The cars and the infrastructure in which to drive them don't just appear out of thin air. They require mining raw materials, factories, labour, highways and roads, road widening, parking lots, filling stations and so on. None of this is included in your calculation.

To make it easier to avoid the embedded energy of the car you restrict your calculations based on a subset of humanity: those Americans adults that already own cars. Yes, if you rig the calculations this way you can avoid the messiness of reality. And by only including a small window of time for the car traveling you can avoid the messiness of calculating the energy requirements of providing the entire asphalt/concrete/landscaping infrastructure in order that the car can actually be there.

If someone chooses to walk, bike or take transit it means one less car and means that much less requirement for wider roads, freeways and parking lots. One can easily imagine this impact when one imagines what a place like New York City would be like if *everyone* decided to get from point A to B by automobile instead of by walking, biking or transit. From an estimate I saw some place, we could imagine the entire island of Manhattan being dedicated to roads and parking with nothing left for the actual buildings let alone parks or sidewalks. Currently only about 50% of NYC adults own cars and thank god for that (China is at 13%, Brazil at 15%, India at 1%! - http://en.wikipedia.org/wiki/List_of_countries_by_vehicles_per_capita). If they moved up to about the 95% car ownership rate of adult Americans you'd have to include the estimated energy costs of doubling (more or less) the entire NYC network of roads and parking lots. That's a huge amount of energy. Now imagine if the rest of the world moved up to America's car ownership level so they can have the option of taking the car to the corner store. Wow. Massive.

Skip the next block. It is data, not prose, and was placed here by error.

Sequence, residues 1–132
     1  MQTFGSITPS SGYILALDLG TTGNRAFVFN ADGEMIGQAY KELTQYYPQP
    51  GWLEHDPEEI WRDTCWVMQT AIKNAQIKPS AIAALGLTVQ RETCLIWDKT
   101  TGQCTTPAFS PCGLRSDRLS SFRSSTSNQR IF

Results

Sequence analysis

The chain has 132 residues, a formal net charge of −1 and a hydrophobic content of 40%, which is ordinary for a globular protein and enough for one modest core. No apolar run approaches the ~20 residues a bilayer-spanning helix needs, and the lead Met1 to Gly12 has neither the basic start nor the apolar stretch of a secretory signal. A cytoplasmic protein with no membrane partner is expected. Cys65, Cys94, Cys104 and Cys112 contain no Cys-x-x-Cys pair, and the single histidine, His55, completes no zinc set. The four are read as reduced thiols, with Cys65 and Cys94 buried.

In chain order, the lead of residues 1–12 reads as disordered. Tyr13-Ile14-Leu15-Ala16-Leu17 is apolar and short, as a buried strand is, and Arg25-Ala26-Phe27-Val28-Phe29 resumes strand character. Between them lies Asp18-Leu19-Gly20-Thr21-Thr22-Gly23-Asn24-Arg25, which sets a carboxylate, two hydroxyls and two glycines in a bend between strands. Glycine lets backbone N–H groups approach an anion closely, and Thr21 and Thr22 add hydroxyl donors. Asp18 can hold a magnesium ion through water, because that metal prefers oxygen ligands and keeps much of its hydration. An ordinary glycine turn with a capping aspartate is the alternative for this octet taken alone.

Unless you adjust your calculations to the *full picture*, you are hardly participating in "transportation energy economics" or "full cost analysis", but merely an exercise in convenient rhetoric.

As I have said, this article is about the inefficiency of agribusiness and not really about cycling, so indeed it is presented to be provocative, but its flaws are not as you report.

  • My reading suggests typical embedded energy in a car is the equivalent of about 1,000 gallons of gasoline. That's a lot, but only about 15% of the gas the car might burn in its lifetime (YMMV of course.) So it doesn't alter the equation a lot.
  • The roads have embedded energy too, and the roads are used by driving and cycling and shipping food. However, I would like to see good numbers on this embedded energy per vehicle mile or per vehicle.
  • The well-to-tank cost of gasoline is about 18%, which is to say that 82% of well energy makes it into your gas tank after the cost of refining and shipping, according to a variety of sources on this.